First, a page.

PO Box 2102,  Decatur  AL 35601
(800) 842-1308

For more information on assistive technology contact your state
TechAct Project. In Alabama contact: STAR - Statewide Technology
Access and Response PO Box 20752, Montgomery,  AL  36120-0725
1-800-STAR656

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Questions from the Clinic:  "Caution!  Allergic to Latex?"
          by Mike Lambert, RN

     There have been cases recently where individuals with SCI have
had severe allergic reactions to items made of latex.  Most have
occurred during surgery.  This is because more internal tissue is
directly in contact with the latex.  None had previous allergic
reactions. 1
     Individuals with SCI need to be aware of the possibility of
having an allergic reaction to latex. The greater exposure one has
to latex, the greater the risk for developing a latex allergy. 
Latex is used in making many medical products.  This places people
with SCI at greater risk.  Many of the supplies they use every day
are made of latex. One example is the products used in daily bowel
and bladder programs.  After constant exposure to rubber (latex)
products, people often develop a sensitivity to it

Q.  How do I know if I might be allergic to latex?

A.  Signs that may indicate an allergic reaction can range from
mild to severe.  Common symptoms are watery, itchy eyes; coughing
and sneezing; an itchy, red, raised rash; swelling of the windpipe;
or occasionally life-threatening changes in blood pressure and
circulation (anaphylactic shock).  
     Watch for any of the signs mentioned above.  If you have any
of these signs and are unsure of their cause, check with your
doctor. 
     People who have certain food allergies are more likely to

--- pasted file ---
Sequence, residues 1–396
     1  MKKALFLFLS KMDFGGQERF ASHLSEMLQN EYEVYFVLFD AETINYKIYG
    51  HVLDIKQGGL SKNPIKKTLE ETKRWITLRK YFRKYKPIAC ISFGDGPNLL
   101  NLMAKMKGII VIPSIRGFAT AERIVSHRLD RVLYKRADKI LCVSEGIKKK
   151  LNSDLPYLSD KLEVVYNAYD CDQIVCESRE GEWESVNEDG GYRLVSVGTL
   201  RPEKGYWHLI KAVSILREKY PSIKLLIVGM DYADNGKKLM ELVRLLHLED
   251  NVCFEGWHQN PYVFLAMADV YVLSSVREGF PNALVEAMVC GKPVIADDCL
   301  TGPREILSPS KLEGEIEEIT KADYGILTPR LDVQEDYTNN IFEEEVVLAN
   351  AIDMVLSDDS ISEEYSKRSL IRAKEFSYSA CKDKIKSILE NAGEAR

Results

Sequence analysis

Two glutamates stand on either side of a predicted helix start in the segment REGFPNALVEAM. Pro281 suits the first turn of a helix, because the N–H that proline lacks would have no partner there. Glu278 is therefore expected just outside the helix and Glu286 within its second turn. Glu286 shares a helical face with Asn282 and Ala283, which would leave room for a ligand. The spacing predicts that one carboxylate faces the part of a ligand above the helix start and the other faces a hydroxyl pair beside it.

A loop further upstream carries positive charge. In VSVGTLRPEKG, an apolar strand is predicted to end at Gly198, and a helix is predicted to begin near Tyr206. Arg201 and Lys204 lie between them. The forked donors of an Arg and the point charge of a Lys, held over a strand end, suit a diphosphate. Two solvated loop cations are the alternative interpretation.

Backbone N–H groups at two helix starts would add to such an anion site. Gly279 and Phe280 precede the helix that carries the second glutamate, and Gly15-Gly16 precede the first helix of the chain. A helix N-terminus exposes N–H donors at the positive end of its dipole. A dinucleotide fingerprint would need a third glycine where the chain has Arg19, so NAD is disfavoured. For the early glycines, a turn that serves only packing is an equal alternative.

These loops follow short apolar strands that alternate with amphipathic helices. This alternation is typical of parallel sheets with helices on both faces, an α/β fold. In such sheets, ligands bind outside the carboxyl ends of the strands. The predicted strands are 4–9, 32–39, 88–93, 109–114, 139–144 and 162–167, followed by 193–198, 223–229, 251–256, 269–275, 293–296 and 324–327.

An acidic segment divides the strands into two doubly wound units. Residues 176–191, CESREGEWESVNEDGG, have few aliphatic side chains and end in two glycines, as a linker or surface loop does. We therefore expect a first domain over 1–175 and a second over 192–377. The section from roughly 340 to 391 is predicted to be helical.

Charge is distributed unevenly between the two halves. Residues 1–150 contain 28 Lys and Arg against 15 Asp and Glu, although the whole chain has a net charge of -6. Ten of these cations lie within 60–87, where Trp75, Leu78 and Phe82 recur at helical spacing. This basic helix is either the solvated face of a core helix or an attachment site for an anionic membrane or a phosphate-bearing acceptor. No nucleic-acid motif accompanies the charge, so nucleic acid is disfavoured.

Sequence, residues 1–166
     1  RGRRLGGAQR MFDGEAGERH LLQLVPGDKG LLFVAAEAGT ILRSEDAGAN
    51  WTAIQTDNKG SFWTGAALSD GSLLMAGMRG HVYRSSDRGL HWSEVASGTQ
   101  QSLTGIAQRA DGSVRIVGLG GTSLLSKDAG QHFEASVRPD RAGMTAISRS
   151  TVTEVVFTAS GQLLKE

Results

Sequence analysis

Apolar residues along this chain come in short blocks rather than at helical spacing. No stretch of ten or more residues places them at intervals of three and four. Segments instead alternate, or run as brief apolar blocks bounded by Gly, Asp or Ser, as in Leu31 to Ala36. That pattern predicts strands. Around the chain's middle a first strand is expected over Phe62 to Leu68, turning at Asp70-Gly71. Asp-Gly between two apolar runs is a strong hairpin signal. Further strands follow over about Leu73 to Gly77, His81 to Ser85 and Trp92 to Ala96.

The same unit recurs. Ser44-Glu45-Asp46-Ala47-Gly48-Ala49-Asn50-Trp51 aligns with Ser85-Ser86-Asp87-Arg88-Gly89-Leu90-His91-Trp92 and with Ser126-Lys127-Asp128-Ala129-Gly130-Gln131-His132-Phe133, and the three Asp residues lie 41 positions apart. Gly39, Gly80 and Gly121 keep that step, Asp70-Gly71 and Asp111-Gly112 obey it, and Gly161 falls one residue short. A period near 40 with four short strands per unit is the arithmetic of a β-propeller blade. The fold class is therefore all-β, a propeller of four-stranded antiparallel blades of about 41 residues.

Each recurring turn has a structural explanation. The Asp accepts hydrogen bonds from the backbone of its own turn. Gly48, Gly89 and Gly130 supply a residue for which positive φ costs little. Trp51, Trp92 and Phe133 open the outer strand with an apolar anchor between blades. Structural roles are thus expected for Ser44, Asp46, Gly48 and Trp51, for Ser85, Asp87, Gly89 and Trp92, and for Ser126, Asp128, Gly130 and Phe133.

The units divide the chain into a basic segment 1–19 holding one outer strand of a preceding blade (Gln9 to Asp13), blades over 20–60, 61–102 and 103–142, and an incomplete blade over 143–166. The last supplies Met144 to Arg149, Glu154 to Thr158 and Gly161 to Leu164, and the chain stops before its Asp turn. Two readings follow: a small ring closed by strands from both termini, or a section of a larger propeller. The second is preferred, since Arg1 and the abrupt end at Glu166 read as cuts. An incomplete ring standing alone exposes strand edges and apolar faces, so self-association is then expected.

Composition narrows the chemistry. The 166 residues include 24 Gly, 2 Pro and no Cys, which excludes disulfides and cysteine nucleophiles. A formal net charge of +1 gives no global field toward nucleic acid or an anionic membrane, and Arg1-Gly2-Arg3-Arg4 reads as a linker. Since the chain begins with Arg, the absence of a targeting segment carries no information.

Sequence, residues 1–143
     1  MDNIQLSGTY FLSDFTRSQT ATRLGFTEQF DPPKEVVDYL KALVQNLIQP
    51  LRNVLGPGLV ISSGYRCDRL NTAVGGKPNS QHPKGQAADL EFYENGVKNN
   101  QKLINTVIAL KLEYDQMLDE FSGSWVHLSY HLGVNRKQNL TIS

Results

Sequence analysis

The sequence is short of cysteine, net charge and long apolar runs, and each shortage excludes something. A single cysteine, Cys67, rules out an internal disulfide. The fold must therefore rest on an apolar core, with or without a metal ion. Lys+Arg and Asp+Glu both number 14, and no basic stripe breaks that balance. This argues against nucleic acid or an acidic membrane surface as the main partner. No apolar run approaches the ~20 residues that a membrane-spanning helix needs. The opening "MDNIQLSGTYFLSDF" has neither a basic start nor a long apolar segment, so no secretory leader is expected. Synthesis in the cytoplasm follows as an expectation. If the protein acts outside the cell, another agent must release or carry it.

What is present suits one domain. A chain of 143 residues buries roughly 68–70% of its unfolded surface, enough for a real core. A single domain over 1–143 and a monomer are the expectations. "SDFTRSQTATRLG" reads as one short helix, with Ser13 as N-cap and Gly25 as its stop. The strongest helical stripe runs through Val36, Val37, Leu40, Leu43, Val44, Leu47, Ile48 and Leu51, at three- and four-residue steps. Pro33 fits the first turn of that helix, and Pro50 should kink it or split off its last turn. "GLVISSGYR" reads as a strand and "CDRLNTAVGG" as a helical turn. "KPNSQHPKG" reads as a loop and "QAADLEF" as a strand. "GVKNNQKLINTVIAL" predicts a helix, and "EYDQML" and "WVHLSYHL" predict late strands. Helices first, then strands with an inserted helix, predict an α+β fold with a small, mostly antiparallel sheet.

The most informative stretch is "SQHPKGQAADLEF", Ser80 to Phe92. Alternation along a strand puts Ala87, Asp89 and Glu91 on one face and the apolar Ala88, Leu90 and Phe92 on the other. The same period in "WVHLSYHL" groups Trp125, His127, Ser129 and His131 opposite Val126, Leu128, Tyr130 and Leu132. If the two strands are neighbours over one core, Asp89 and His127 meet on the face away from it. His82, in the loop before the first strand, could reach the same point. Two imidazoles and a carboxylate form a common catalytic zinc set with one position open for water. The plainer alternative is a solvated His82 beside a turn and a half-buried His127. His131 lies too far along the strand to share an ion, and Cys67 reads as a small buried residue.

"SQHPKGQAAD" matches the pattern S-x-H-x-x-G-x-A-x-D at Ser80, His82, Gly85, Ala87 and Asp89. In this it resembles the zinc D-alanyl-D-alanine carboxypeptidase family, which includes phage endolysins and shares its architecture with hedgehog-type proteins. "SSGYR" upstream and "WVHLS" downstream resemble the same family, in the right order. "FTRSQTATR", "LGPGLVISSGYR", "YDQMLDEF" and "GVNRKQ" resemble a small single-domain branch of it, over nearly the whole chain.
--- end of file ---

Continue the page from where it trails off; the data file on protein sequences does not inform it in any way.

react to latex.  This is called cross-reactivity.  The foods
reported to cross-react to latex are bananas, water chestnuts,
kiwis, raw potatoes, tomatoes, celery, carrots, hazelnuts, figs and
avocados.  Having a known allergy to any of these foods may
indicate a possible allergy to latex.
     Some people may be symptom free.  Before having any surgery,
ask your doctor to complete a careful allergy history.  The doctor
may recommend allergy testing, give you antihistamines before
surgery, or not use latex products during surgery. 

Q.  What should I do if I am allergic to latex?

A.  First, stop using products made from latex.  Check the list for
other brands that do not contain latex.
     Wear a medic-alert bracelet or necklace.  Carry an auto-
injectable epinephrine and sterile non-latex gloves for emergency
use.
     Alert all of your health care providers to the danger of
latex.  Tell them which latex-free products that you use.  Remember
that dentist also use latex products.
     Ask that your medical and dental records be clearly and boldly
marked LATEX ALLERGY.
     Consult with your physician or an allergist who is familiar
with this problem.  If you should need surgery in the future,
special steps would need to be taken by the hospital and surgery
staff.  (Childrens' hospitals often have latex free surgery units
because of the high risk that children with spina bifida have to
latex).
     Latex sensitivity can be a serious problem.  If you have any
concerns, discuss them with your doctor.

1  Shenot P, Rivas D, Kalman ., Staas W, & Chancellor  M. Latex
allergy manifested in urological surgery and care of adult spinal
cord injured patients. Arch Physical Med Rehabil 1995; 75:1263-65.


          Substitute Products for Latex

If You Use. . . .                  Instead Use. . . 
Condom Catheters                   Silicone (Mentor, Coloplast)
Indwelling Catheters               Silicone (Kendall, Argyle, Bard)
Leg Bag Straps                     Velcro, Nylon (Mentor, Dale)
Gloves, sterile                    Vinyl, neoprene, polymer gloves